Nintendo, P&G, Interflora: Intellectual Property

May 22 (Bloomberg) -- Nintendo Co. fended off a second U.S. patent-infringement case this month against its Wii video-game system, adding to a trend of companies fighting royalty demands and winning.

Nintendo didn’t infringe licensing company Copper Innovations Group LLC’s patent for a way a computer interacts with a device such as a joystick, the Court of Appeals for the Federal Circuit in Washington ruled yesterday. On May 13, the court said the Wii didn’t infringe a different licensing company’s patent for a system to track a game user’s position.

Companies including Kyoto, Japan-based Nintendo, discount retailer Inc. and electronics seller Newegg Inc. are winning cases brought by patent owners who rather than using their inventions to make products, are seeking royalties from those that make devices or provide services.

“Our policy is if you come after us with spurious claims, we’ll fight you because we’re not settling,” said Mark Griffin, general counsel for Salt Lake City-based “Bullies need to have their noses bloodied once in a while.”

Olivia Luk, a lawyer at Niro, Haller & Niro in Chicago who argued the May 6 appeal on behalf of Copper, declined to comment on the case.

It’s not always the patent owner that gets bloodied. Nintendo lost a jury verdict in March in a case brought by a former Sony Corp. engineer over three-dimensional images in Nintendo’s 3DS gaming system.

Officials with the electronics company didn’t have an immediate comment on yesterday’s ruling. In a statement following its May 13 victory against Motiva LLC, Richard Medway, Nintendo of America’s general counsel, said, “Nintendo has a passionate tradition of developing innovative products while respecting the intellectual property rights of others.” and Newegg, based in City of Industry, California, won a May 15 decision from the Federal Circuit that an Alcatel Lucent SA patent on online shopping was invalid. In a separate case over e-commerce patents, Newegg won a January appeals court ruling invalidating patents that had also been asserted against Oracle Corp. and EBay Inc.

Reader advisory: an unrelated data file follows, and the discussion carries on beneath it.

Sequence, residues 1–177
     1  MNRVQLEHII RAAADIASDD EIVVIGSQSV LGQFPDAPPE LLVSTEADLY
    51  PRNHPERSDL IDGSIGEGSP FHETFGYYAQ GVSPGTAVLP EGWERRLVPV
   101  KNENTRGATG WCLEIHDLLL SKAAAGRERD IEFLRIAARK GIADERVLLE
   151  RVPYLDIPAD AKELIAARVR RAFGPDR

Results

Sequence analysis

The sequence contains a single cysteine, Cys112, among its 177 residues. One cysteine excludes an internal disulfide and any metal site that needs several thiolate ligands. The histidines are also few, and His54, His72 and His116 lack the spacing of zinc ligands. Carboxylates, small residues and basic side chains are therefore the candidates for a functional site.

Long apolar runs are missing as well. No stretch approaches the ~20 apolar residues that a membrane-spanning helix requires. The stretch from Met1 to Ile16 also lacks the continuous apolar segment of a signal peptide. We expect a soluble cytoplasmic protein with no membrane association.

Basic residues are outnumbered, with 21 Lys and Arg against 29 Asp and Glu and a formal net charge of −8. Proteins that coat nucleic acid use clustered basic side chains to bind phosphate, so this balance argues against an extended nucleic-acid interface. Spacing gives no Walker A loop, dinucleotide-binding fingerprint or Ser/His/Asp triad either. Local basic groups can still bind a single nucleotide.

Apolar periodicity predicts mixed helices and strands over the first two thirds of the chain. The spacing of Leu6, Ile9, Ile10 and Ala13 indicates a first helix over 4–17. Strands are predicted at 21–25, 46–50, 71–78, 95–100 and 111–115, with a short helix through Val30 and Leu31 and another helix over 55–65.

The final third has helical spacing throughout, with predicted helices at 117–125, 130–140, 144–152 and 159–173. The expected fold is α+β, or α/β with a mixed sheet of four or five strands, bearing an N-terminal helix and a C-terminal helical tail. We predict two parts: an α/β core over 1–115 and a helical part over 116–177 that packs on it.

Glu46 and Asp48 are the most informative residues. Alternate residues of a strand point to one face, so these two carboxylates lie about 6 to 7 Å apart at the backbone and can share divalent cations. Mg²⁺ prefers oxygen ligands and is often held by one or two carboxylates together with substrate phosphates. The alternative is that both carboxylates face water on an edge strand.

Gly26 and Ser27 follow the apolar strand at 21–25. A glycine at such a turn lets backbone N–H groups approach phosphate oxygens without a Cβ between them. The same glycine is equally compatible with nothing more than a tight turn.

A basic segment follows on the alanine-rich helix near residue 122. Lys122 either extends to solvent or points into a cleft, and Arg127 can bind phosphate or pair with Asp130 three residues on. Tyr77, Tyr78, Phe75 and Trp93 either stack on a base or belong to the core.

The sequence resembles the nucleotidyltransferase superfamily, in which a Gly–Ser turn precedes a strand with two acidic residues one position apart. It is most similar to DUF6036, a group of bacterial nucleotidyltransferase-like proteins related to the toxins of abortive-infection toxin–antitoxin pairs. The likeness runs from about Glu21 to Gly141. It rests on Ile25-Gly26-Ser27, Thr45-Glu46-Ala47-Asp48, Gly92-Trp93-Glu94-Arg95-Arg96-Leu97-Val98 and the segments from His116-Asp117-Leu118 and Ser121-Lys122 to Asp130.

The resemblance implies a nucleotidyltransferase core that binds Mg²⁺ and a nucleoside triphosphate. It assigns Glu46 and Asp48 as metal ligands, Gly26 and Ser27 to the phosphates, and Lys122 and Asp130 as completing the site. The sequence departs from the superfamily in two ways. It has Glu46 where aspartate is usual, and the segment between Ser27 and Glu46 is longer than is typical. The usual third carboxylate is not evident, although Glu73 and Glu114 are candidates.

Also this month, the appeals court sided against patent-licensing firms in cases against mobile-phone companies including Verizon Wireless and Sprint over telephone marketing, against Barnes & Noble Inc. over its Nook e-reader and against Bayerische Motoren Werke AG over its financial-services unit.

Teva Loses Appeals Court Bid to Revive Patent on Seasonique

Teva Pharmaceutical Industries Ltd. lost an appeals court bid to revive a patent it owns for the birth-control pill Seasonique.

The U.S. Court of Appeals in Washington, without issuing a formal opinion, affirmed a lower court ruling that the patent is invalid. The ruling is a victory for Mylan Inc. and Lupin Ltd. The patent, which is due to expire in 2024, also was the subject of a Teva suit against Actavis Inc.

The case is Teva Women’s Health Inc. v. Lupin Ltd., U.S. Court of Appeals for the Federal Circuit, 12-1577.

P&G Sues Utah Dental Company Over Tooth-Whitener Patents

Procter & Gamble Co., maker of Crest toothpaste, Head & Shoulders shampoo and Cascade dishwasher detergent, sued a Utah dental-products company for patent infringement May 20.